Just a few decades ago there were less than a handful of these, at least of formal organisations. Our focus shall be groups that would be of immediate interest to a street cat (so, for example, the Israeli Primate Sanctuary is out of our scope). Relevant services include free or low-cost medical care, spaying/neutering, shelter for needy animals, adoptions and foster care, help with trapping, emergencies and rescues and a telephone hotline, and so on. There is no way to be comprehensive, but this should at least give an idea of the number of non-profit organisations operating today, which is a good sign.
SPCA: the SPCA is an old-school animal welfare organisation and its activity in Israel began in the 1920s during the time of the British mandate (the United Kingdom was a leader in this field!). There are branches in several cities around Israel. It operates an animal shelter and arranges adoptions, taking care that the animals be healthy and go to good homes. It also operates a low-cost medical clinic covering basic and emergency care and a trap/neuter/release programme.
Israeli Cat Lovers’ Society: this one operates around Haifa and was founded in 1966. Like the other organisations, they subsidize spaying and neutering of street cats and help to arrange for medical care and emergency/rescue services. Recently they also began operating a spay/neuter and urgent-care clinic out of their shelter. They also donate food!
SOS Pets: founded in 1978 (with a cat division officially opened in 2004), they do not operate a shelter but rather focus on foster care and re-homing for adoption. The cat division does trap/neuter/release and provides medical care for sick street cats.
Concern for Helping Animals: operating since 1984, works against mass poisoning and other cruelty. In 2002 they launched the first mobile spay/neuter laboratory in the Middle East, operating out of a van!
Let Animals Live: another locally well-known group, this organisation dates from 1986 and is against the mass killing of healthy animals, as the name suggests; instead it promotes sterilization as a means of population control. They too run a shelter for cats and dogs together with a veterinary clinic. They have an animal ambulance and will go out of their way to immediately rescue distressed or abused animals, rehabilitate them, and find them good homes.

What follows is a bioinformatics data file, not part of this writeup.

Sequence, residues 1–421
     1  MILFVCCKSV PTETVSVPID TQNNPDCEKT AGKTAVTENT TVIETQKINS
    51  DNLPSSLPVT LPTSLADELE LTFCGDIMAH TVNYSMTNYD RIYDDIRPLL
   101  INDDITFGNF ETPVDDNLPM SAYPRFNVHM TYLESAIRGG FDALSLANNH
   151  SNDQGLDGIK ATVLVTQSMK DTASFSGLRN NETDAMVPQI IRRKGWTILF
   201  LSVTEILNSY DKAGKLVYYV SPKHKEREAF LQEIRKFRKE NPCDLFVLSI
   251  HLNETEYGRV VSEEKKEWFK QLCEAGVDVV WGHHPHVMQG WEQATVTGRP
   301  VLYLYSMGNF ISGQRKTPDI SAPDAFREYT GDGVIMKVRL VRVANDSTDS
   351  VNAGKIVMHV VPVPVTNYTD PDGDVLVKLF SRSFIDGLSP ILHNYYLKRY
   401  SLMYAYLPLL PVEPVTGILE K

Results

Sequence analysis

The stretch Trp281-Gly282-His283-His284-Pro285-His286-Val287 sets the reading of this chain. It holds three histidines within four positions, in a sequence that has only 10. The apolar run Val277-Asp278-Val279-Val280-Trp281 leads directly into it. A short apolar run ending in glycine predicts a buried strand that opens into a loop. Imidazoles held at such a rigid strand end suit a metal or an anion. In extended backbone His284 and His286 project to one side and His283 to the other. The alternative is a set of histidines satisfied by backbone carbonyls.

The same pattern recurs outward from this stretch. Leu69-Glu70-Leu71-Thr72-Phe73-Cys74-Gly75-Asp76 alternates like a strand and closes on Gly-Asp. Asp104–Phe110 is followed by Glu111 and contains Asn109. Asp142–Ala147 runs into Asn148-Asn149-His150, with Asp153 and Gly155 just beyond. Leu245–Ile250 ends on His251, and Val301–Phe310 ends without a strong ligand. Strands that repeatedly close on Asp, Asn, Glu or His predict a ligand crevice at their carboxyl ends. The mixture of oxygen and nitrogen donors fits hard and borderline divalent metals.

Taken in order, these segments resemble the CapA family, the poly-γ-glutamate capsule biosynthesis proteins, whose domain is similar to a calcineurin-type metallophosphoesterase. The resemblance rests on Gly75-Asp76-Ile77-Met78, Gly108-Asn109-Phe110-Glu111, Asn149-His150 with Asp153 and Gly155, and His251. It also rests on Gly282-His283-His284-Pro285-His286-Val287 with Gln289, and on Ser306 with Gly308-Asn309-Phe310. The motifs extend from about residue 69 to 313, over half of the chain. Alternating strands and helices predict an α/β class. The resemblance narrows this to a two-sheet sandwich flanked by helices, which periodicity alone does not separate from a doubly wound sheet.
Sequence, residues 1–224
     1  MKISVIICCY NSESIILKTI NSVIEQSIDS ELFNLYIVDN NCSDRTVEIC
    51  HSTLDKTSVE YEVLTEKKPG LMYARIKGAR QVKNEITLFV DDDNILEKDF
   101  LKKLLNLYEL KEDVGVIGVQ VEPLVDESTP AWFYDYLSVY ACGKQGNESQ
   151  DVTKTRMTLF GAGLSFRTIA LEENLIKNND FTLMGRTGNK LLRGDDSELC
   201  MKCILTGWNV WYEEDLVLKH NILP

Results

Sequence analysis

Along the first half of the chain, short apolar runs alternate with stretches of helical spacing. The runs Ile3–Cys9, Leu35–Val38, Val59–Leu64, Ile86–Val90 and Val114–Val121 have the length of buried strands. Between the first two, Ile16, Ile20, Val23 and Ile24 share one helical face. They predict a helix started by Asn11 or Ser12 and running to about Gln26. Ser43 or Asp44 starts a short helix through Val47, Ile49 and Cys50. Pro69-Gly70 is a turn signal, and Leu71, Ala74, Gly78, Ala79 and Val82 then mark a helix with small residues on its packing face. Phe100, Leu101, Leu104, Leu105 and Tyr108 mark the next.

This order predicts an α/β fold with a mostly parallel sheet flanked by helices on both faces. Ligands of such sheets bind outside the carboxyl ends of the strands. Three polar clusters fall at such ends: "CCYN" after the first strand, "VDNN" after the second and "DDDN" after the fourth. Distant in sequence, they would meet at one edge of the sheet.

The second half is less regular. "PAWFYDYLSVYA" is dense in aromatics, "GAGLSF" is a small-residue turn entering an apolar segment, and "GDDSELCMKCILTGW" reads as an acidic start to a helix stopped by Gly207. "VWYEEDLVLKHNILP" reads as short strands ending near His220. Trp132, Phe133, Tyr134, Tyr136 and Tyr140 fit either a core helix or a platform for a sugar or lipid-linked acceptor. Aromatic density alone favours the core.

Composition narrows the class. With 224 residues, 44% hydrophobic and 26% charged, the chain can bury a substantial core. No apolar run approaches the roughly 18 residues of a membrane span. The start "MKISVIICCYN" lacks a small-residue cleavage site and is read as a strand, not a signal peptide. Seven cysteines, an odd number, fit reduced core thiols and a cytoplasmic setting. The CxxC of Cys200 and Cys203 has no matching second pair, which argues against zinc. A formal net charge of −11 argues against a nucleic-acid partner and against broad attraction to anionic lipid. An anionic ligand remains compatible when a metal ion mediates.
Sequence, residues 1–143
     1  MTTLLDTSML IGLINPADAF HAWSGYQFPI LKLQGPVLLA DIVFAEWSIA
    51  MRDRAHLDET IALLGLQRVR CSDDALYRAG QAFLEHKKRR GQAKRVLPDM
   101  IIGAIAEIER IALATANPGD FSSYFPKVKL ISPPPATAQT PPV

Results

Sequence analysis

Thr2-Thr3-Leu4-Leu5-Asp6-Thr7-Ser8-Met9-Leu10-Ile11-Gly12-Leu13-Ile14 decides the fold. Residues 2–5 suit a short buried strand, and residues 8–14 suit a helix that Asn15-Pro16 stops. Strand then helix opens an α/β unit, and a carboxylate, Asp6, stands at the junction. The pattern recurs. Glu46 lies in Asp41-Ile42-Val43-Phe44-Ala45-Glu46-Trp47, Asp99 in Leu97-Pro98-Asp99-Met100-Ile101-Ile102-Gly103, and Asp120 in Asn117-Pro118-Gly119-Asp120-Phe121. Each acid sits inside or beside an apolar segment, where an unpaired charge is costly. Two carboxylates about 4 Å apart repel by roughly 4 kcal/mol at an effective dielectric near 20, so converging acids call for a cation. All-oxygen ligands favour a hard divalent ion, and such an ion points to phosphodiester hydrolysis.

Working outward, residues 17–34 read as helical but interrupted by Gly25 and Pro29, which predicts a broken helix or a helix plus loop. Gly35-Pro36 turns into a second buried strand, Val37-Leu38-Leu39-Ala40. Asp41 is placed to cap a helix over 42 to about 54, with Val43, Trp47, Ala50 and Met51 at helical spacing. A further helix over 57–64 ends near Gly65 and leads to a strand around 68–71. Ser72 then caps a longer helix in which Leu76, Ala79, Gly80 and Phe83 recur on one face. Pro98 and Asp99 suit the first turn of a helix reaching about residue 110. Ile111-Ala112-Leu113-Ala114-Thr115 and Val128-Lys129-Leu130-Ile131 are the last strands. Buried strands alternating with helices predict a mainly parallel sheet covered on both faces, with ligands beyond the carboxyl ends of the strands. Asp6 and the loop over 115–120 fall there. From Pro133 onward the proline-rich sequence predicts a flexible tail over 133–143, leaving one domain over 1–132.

Roof for Animals: a big shelter serving the southern Tel-Aviv area, founded in 1989.
Cat Welfare Society of Israel: founded in 1990 by an individual in Even-Yehuda. Operates a shelter and adoption centre and advocates trap/neuter/release.
Other local groups: These include: Eilat Loves Animals (1992), Rishon Loves Animals (2002), Herzeliya Loves Animals (2003), Raanana Cats (2004), Spay Israel (2005), Rehovot Loves Animals, Arad for Animals.
Large and small, all of these groups depend on private donations for funds (though there is a meagre amount of government support for well-established ones) and on volunteers to run the shelters and provide veterinary services. The fact that the number of local groups has exploded, especially after the turn of the century, is encouraging and makes networking possible.
It is crucial that people know of their existence, otherwise all the effort is for nothing. What good are all the facilities in the world to a small kitten in the street, crying for days while people indifferently walk by? Information is also not enough by itself if no one takes personal responsibility, as in the psychological experiments where passers-by ignored a man appearing to collapse on the pavement. Perhaps we cannot change human nature, but such abominable behaviour seems more a result of twisted cultural values.
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